That’s an error several orders of magnitude in the wrong direction and should be a little startling. Proving it is fairly easy, though. Explaining it is more difficult.
When it comes to the social safety net, myths and half-truths, rather than reality, often shape our conception of who depends on the net and the value of these programs. It is easy to lose sight of what these programs do for families, especially if one lives in a household that has never qualified for a program. Mitt Romney, a smart and well-informed person, infamously stated that 47 percent of Americans “believe the government has the responsibility to care for them, who believe that they are entitled to health care, to food, to housing, to you-name-it.” But the reality isn’t so simple. Advocates of the social safety net countered Romney’s argument by highlighting that many of those people were seniors who had paid into the system, or individuals who are currently working, but needed help to make ends meet.
When our understanding of the social safety net relies on myths and incomplete truths, it distorts our public conversation about the place of these programs in our society, and our obligation—or lack of obligation—to those households using the programs.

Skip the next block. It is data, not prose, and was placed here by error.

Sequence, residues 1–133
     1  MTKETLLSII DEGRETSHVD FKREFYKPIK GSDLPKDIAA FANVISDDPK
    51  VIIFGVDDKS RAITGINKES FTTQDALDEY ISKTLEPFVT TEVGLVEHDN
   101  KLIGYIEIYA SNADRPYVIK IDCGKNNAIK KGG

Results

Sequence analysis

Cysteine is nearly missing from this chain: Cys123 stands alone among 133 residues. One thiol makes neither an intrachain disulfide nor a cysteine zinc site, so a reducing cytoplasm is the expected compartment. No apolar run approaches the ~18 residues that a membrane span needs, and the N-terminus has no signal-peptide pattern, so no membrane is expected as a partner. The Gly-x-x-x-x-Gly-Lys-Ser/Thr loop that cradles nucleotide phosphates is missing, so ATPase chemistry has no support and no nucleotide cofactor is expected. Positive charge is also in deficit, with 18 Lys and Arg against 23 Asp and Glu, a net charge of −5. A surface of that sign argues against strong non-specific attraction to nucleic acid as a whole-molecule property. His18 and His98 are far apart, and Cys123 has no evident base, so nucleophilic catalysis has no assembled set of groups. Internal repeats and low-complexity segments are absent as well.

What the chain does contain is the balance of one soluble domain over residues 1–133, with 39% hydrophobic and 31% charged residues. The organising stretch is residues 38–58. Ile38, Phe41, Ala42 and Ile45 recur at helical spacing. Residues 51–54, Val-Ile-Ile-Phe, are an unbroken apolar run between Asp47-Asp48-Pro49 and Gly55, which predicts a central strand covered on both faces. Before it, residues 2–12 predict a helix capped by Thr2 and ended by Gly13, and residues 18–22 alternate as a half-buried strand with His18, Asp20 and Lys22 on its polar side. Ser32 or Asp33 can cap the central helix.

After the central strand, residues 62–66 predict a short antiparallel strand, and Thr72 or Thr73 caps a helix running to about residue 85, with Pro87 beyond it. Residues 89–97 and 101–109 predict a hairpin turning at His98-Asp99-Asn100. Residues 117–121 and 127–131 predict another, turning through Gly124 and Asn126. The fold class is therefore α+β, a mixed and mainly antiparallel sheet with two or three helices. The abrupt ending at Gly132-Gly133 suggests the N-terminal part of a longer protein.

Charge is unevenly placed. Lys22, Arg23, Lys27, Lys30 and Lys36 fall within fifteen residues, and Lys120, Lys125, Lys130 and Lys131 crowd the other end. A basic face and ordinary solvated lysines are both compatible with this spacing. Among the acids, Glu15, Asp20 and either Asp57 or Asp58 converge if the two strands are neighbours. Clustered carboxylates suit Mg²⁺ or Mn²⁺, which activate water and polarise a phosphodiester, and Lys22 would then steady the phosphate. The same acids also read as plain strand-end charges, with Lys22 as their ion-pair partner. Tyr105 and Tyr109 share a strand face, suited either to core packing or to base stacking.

In an attempt to provide a better picture of the social safety net I graphed median annual benefits for 12 social safety programs against a household’s resources or wages. Read Full Article →
The Washington Post recently published a graphic showing where the 100 U.S. senators went to college. It might be nothing more than an interesting bit of biographical information about our elected officials, but it could also be meaningful. For educated and increasingly mobile Americans, college is often a formative experience and a college’s culture can shape its graduates. It also gives a clue about the regional and class origins of a person. This made me wonder what the makeup of the Virginia General Assembly is, so I collected the data and put it into a series of pie charts that can be seen below. Use the filters to break them down by party and by house. Read Full Article →
A while back, I wrote a post on the transformation of US cities over the last two decades, using Charlotte, Houston, Atlanta, and Denver as examples. That investigation, using graphs to show changes in the city from the core to the periphery, turned into a larger report that was just released today.